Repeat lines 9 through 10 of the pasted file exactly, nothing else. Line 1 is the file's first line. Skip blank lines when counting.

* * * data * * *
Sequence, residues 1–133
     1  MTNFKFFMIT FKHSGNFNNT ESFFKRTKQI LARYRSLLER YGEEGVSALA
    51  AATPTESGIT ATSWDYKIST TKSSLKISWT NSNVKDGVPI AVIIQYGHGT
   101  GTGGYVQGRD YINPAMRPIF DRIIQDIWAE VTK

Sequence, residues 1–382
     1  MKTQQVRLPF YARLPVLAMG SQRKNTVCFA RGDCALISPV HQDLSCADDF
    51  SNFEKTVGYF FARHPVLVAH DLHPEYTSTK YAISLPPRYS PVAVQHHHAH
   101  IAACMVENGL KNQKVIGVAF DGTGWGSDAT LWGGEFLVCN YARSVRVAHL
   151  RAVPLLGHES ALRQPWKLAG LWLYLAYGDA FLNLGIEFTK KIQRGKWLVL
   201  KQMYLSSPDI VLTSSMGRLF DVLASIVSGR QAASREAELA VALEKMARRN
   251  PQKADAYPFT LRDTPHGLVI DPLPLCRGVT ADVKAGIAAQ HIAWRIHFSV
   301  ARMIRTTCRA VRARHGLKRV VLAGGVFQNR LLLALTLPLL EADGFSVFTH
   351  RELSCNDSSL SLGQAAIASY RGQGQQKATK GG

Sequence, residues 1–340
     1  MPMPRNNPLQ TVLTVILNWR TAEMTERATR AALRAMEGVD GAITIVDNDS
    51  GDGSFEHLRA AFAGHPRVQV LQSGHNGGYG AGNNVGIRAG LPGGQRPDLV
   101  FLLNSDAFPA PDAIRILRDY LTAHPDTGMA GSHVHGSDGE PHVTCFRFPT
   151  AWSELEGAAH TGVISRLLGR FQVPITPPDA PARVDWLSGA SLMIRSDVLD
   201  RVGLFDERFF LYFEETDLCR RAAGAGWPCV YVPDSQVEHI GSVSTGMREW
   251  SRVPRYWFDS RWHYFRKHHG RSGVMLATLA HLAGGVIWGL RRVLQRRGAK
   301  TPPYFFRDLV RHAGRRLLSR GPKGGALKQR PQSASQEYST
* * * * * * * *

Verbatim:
   151  RAVPLLGHES ALRQPWKLAG LWLYLAYGDA FLNLGIEFTK KIQRGKWLVL
   201  KQMYLSSPDI VLTSSMGRLF DVLASIVSGR QAASREAELA VALEKMARRN